"It would be great to go to E-Town and draw off the 7-8 million people they have 45 minutes away. But the fact is that it is so saturated out there that it is almost expected that you have the 20,000-plus gates." While Frank never brought it up, it should be noted that E-Town gets big chunks of gate and other revenues, which translates into less money for the sanctioning bodies.
"But you come here to Seattle's Pacific Raceways and pull a 6500 gate and you're walking on water, the best thing since sliced bread," says Frank. "As long as we do our job staying focused and staying true to the grassroots guys...the guys who have stepped up to head's up but on a street car level we will be solid. We are talking 387 street class racers here at Pacific Raceways. Of the 387 cars here let's say less than 5 percent are faster than 11.99 but they are happy with that. They take pride when their buddy takes his freshly swapped Civic and goes 13.0 out of the box then improves to a 12.80. He leaves in the 12s and he leaves a hero. Posting 12s may not be a big deal in Cali. I'm sure guys will say 'I've been running 12s for three years now.' But like I said, every market is different but the reason that the people keep coming out is the same; they love to go fast. To see how their car is performing and they want to be part of something, part of history."
"Battle was first and there isn't anything anyone can do to change that fact. I mean, sixteen years is a lot of history. These kids today were in strollers when you and I were beating the heat of Palmdale in 1992. Battle is a pipeline; the same enthusiasm back then is here today in the hot pits and the next generation of competitors are rolling around in strollers."
"The numbers today in Seattle are good and it proves that the kids don't want to come out and see 6 and 7-second cars, they come out to be part of something. But time will tell, these kids will graduate and move on even faster than the generation from the early '90s. It just a matter of time, and time is all we have, so we are excited about the first sixteen years and looking for sixteen more."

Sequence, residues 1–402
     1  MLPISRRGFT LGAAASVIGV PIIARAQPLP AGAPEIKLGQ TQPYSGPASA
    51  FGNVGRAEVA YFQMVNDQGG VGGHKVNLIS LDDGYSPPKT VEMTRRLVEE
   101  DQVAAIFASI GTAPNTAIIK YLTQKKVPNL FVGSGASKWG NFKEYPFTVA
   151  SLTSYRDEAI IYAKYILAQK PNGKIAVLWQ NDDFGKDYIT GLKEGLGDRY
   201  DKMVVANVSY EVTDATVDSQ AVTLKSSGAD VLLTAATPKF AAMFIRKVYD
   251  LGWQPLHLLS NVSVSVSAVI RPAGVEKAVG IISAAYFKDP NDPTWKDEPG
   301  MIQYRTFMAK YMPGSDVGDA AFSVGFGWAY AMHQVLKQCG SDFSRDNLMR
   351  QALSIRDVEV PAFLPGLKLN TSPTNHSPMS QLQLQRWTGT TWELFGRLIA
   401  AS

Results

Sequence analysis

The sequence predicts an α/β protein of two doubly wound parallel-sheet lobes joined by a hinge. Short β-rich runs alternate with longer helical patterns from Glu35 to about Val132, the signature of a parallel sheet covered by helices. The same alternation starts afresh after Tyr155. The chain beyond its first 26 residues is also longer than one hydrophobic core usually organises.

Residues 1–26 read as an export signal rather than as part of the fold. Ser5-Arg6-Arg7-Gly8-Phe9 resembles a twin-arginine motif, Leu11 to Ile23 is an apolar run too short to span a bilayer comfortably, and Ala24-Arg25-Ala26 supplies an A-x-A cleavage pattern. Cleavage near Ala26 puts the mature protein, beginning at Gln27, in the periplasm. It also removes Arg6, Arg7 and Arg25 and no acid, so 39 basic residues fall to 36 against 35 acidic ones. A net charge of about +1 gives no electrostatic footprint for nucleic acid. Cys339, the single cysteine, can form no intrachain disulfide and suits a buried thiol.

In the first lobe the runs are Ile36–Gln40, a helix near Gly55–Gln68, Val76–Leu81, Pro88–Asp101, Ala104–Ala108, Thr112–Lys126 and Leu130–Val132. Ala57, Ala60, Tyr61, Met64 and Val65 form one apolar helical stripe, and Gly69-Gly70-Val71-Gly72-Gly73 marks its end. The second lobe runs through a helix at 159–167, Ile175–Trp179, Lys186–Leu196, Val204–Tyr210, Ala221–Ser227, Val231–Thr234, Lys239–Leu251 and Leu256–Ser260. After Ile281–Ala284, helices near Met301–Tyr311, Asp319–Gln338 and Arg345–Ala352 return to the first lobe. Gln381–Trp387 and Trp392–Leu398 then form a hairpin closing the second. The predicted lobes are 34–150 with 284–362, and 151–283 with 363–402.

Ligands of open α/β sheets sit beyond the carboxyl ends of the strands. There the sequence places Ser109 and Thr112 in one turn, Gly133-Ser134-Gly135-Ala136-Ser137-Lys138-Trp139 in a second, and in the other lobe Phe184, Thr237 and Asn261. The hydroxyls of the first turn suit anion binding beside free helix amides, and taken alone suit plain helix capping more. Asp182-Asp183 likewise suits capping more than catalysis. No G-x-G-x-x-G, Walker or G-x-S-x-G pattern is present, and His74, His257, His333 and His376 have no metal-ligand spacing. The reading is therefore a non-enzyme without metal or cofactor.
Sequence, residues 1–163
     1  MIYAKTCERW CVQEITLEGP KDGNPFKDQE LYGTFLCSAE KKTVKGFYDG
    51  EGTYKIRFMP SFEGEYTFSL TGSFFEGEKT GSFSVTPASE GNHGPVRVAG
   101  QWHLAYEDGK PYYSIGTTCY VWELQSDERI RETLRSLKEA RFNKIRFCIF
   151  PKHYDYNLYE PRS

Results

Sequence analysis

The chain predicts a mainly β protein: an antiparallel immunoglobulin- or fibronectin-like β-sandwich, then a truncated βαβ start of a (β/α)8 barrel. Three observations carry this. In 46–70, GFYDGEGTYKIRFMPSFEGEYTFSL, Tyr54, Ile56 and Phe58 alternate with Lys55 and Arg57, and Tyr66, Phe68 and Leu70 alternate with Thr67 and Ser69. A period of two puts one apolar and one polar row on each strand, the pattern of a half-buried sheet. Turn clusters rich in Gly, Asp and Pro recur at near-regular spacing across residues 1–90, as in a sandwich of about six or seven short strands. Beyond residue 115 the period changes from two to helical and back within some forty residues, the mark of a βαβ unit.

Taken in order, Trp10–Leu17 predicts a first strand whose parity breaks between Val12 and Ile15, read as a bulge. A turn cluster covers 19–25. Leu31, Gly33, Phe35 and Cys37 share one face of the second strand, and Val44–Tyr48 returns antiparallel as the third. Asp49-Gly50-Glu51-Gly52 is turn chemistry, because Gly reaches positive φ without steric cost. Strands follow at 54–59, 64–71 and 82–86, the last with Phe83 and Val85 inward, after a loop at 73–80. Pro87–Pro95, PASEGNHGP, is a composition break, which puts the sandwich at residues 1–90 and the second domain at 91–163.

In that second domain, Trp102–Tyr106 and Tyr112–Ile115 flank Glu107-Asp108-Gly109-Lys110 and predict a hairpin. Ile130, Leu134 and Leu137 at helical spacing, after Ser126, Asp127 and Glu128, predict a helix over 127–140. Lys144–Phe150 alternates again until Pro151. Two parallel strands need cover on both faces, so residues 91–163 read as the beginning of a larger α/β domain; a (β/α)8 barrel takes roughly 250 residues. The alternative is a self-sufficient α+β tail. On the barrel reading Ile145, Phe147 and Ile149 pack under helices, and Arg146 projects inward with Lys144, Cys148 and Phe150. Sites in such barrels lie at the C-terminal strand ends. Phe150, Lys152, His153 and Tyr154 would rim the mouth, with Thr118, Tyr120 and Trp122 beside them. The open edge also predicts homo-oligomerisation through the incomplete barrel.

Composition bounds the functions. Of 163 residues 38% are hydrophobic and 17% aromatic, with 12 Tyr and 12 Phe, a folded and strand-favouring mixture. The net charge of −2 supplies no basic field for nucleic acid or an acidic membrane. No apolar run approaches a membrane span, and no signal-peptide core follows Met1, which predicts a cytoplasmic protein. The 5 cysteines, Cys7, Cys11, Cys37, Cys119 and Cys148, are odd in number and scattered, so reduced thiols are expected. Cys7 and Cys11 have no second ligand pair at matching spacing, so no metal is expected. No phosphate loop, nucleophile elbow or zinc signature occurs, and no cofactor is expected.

The Man On The Street
Frank points to a red Civic hatchback and gets on his soapbox. "Tye's car is the epitome of a street car, it's all glass, all metal body panels. It's got both seats, a CD stereo system, air conditioning and if he wanted to he could still daily drive the thing. That helps his tuner Intec Racing. I am not sure if there is some sponsorship there but retaining that street car status should translate better into action at the shop. Also attaining a car of the 7-second caliber is big dollars. These guys have full-time jobs and can't afford the luxury of loading up a trailer and racing full time, like Stephan, Abel or Kubo. Those are pioneers. They were at the right place at the right time and were recognized as the leaders and were offered the big sponsorship. They took it and maximized it and did very well for themselves. I would say that here at Pacific Raceways less than one out 10 racers would aspire to drop everything and become a full-time drag racer.
Tye J. Panzone, 31, hails from West Seattle, Wash., and he is one of those 'less than one out of 10.' He first got into the scene about eight years ago. His good friend, Jeremy, had a '91 Acura Integra LS with a few bolt-ons, wheels and some interior cosmetics. Tye picked up some import magazines and Bam! "I got hooked hard on this whole import scene," says Tye. "After going to a few local race shops to pick their brains, my first choice was the '92 EG hatch I run today. I started saving and buying parts, first it was all cosmetic...cause I had a non-VTEC single-cam D15 and didn't know how to do anything to make it faster. I bought all the classic rice parts; Z3 fenders, M3 mirrors, a bodacious three-piece wing, big-mouth body kit, extreme carbon hood."
He eventually got clued into the power game, swapped in a 1.8-liter LS and took that bullet to fully built, Frankenstein status with the addition of a VTEC head. After an initial turbo setup, Tye stepped it up and now flexes 550 dyno-proven wheel horsepower.
"I have street raced my EG quite often and have had the most fun with freeway rolling races against Corvettes, Porsches, and other high-end performance sport cars," says Tye. "But I like beating street bikes most of all, they don't get all pissed off when you beat them, they give thumbs up, no drama. Getting your $60,000 supercar spanked by a 14-year-old Civic must really torch the ego. I have done a lot of line-up street racing from lights and what not, but the cops really crack down on you hard for that, so I try not to do it too often. Plus the track is just so much safer."
"I guess my best night of street racing was a Friday night this summer. I left the race shop at about 1AM and as I pulled out, I was passed by about fifteen miscellaneous imports. A few slowed down and rolled up next to me and took off. The street was three lanes wide on each side and I had one car on either side. They both revved up so I followed suit. The light turned green I took off about a block down, they were both about half a block behind me...I love those kind of races cause I was just minding my own business and these guys thought they would punk someone and instead they got served. I would have thought that the huge intercooler sticking out my grille would have said enough, but I guess not. It was a lop-sided victory that made me appreciate the caliber of competition at the strip"